For the past decade, Seattle Opera has spent $2 million to $3 million more a year than it earns, and its financial reserves are drying up. In an attempt to stabilize, the company will cut six full-time jobs and close its Renton scene shop.

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In an effort to stabilize its fiscal health, Seattle Opera has eliminated six full-time staff positions and decided to close its scene shop in Renton, which has also built sets for the opera as well as other theater companies, including the 5th Avenue Theatre and Washington National Opera at the Kennedy Center.

The opera’s operating expenses, spokesperson Kristina Murti wrote by email, “have been $2-$3 million higher than annual revenue for more than a decade.” Its budget for the fiscal year of 2017 is $22.5 million.

To keep the opera financially sustainable, Murti wrote, “we conducted a deep dive into our expenses” and decided to restructure the company with layoffs, close the Renton scene shop and streamline its “music operations” by combining casting, artist management and oversight of the chorus and the orchestra “into one area of the company.” (Previously, the two had been split between the artistic department and the music department.)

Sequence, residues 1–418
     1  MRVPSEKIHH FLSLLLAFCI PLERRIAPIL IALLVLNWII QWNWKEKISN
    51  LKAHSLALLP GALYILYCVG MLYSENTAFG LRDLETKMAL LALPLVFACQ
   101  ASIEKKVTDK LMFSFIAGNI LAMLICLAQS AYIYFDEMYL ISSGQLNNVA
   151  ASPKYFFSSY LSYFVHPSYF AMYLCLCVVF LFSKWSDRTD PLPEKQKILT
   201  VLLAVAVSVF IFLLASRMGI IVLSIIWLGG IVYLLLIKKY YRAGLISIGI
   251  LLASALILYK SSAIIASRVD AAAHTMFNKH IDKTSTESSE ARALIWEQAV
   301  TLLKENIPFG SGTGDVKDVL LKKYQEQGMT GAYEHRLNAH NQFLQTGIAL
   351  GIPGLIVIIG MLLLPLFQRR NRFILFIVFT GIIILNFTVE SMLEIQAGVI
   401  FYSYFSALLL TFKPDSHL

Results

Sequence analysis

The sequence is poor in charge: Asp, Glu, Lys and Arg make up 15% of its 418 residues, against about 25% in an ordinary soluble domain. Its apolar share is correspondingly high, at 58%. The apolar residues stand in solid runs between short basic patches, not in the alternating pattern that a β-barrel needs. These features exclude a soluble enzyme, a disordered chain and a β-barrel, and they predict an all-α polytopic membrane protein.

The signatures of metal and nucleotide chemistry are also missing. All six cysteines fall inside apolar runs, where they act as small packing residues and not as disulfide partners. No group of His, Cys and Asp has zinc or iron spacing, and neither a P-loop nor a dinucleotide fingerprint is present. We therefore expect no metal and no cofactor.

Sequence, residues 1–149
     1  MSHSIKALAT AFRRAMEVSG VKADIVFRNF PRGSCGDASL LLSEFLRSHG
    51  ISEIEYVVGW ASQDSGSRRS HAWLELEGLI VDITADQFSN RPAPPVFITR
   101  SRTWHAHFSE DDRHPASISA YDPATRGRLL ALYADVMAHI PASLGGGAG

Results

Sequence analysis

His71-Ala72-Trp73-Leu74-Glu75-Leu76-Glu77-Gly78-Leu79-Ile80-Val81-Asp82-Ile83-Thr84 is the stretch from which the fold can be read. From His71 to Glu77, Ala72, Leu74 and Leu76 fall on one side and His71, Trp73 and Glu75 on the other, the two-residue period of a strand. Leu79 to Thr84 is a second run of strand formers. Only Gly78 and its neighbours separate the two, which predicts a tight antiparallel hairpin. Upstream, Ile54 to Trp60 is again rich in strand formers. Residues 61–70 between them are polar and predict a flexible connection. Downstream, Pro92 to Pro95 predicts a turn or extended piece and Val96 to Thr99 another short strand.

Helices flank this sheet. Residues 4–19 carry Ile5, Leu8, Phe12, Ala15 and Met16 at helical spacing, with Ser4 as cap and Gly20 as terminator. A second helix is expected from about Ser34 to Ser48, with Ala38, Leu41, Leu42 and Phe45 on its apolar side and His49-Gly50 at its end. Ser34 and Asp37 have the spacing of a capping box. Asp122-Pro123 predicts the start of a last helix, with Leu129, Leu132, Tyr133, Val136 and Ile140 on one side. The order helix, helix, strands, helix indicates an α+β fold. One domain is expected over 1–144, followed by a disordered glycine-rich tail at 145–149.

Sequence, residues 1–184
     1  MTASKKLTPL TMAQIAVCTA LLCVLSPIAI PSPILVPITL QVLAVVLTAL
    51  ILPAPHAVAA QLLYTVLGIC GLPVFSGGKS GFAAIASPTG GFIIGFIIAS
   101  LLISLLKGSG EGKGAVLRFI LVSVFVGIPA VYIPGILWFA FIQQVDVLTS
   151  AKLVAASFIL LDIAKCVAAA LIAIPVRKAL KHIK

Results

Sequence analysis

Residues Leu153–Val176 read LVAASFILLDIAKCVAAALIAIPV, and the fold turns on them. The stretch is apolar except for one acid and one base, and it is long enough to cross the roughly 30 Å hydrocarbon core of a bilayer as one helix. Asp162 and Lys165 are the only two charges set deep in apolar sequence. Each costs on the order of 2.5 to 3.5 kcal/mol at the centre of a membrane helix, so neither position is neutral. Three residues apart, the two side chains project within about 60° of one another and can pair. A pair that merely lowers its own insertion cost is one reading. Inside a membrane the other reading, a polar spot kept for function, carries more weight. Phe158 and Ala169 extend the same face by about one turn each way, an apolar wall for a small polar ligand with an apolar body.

“It’s important to note,” she added, “that most American opera companies do not operate their own scene shops but rely on others to build their new productions.”

Seattle Opera is also exploring the idea of increasing its number of co-productions, to share expenses among partner organizations.

The opera’s troubles put it on a long list of nonprofit arts organizations — both locally and nationally — that have struggled and made sacrifices to pay the bills. In Seattle, some of those organizations in crisis have been rescued and restored (such as ACT Theatre), some have had to radically transform themselves (Intiman Theatre’s move from regional-theater powerhouse to itinerant festival) and some have simply imploded (Empty Space Theatre).

The opera now employs more than 600 people and, over the past year, has declined to fill nine jobs when they became available (most of those, Murti said, were in the marketing and fundraising departments).

This round of job losses accounts for 2 percent of the opera’s production department and 12 percent of its technical department — including the technical director and director of production.

During and after the 2008 recession, Murti wrote, the opera was fortunate to have “several very large, one-time donations that helped us to maintain a balanced budget.”

But that money is drying up.

“During the past several years,” she wrote, “we have grown our donor base substantially, but it hasn’t made up for the gap between expenses and revenue.”